Grandma’s house

In the very last days I was in the North, I came to visit my ailing grandmother and insane aunt. The neighbourhood is exactly the locale in Nguyen Binh Phuong’s fiction, which made me think about Macondo in Marquez’s.


As the hazy sun first appeared to warm the earth, I took some photos of the house and along with me some old dishes in vain to capture the past, or my memories of it I did not know.

Grandma gained notoriety as one of the most cantankerous women in the neighbourhood. She used to sleep so little that I had wondered how a person could live with such little sleep. Now she is ailing, confined to her bed, cannot feed herself nor articulate even a word, and she naps a lot. When my aunt has gone insane after a break-up, it must be her first love, Grandma turned pious, with which my Grandpa found uneasy. And then Grandpa had a stroke, Grandma was confused and then she blamed that must be his fault not believing in her gods, for which he was punished. A few years later, he died. I did not attend his funeral and so did not know the reactions of members in my extended family  to the death. Grandma started losing her mind since, reaching her present status of health.

Although she does not remember a thing, she managed to ask “Who is that? Khai?” as I entered the house. I was reckless, unapologetic and cruel enough to not even say “yes” to validate the fact, and to ensure her, even though perhaps she cannot aware of, that it was a single golden moment in her lost memory, that in those miliseconds, synapses and neurons in her brain were somehow connected to successfully make her remember me, the one who lives with her less among her children and grandchildren, who just visits her once every few years, who, before one of my cousin left for Taiwan to work in a farm, lived farthest from her, both physically and emotionally.

The house was surrounded by a wall made of dried bamboo and strange thorny plants, now it is a brick wall hardly over my head. It has a unique, strong smell that I usually refer to as “smell of Grandma’s house”, in which my mom and all her siblings were born and passed their childhood. It was where we, I and my cousins, used to play along happily and where part of our childhood also passed. We used to go up hill to harvest tea leaves and be involved in tea production process.There were five of us: one was evil, one was angel. The Angel is of the same age as me. I thought I had a crush on him. I still remember in teenage years I lay beside him on my bed at home. At that moment, I wished I could have had enough courage to hug and kiss him. He is tall, handsome and well-built, his skin is white, as always.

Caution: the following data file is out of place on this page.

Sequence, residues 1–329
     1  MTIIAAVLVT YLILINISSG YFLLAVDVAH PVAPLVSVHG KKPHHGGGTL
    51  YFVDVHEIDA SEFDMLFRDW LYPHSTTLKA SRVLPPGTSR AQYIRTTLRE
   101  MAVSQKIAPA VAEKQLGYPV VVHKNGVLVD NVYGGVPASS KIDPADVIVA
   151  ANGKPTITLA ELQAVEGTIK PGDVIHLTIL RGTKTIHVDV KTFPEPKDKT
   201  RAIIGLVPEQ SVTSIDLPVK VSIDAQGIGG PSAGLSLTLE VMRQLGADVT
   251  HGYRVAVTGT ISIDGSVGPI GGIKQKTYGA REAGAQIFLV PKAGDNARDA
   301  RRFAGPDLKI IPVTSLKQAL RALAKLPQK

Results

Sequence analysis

In the garden, there are still plants whose names I never know but which I, as a child, brought home to grow among patches of peanuts. Yet the longan tree, under whose large canopy the kitchen, from which clouds of wood smoke belched out, used to be situated, was chopped down. And the large tank, along with the apparatus, once used for distillation, was no longer there. All that I love and that linger on my mind.

I visited the abandoned well, around which I loved to bathe, naked, and I would love to do so again.

My aunt used to be taciturn, barely saying a word, and now she talks excessively to herself, all of trivia, about which no one knows.

When I imagined myself living there with a writing table in the small room upstairs overlooking the garden with lychees, hawthorns, sweetsops and jackfruits, I also wondered if it was the last time I was there.

“Please don’t nap, Mom”, my mom told Grandma while feeding her.

Some tokay gecko still croaked as when I was a boy, here.


Patrick texted me that he wanted us to have lunch on Sunday and spend the afternoon together. And we both knew what we were going to do afterwards: drink and make love. I don’t know if he ever misses my body as I miss his. Or he is just scared to be lonely on a Sunday afternoon.

On the flight to Saigon, I stared at a male flight attendant, who, in blurred vision, I mistook as my namesake. He has a round face, dreamy eyes, easy and gentle yet winning smiles. And a ring on his fourth finger.

Today I sat opposite a young guy with long hair when we had lunch at a broken rice restaurant. We were staring and smiling at each other. I fantasised how he would be in bed, how I would kiss his neck, and et cetera. He left, and I jostled down his plate number on my mobile, just for nothing, as the same way I remembered the name of the flight attendant, as pinned on his white shirt.

In the dry approaching dusk, I filled my room with French music from a Belgian radio, while drinking and writing.


I met Patrick on Saturday night, right after I arrived in the city. The broad and radiant smile he gave me when we met up the stairs at my apartment evoked for me the memories of the time when we were on the island.


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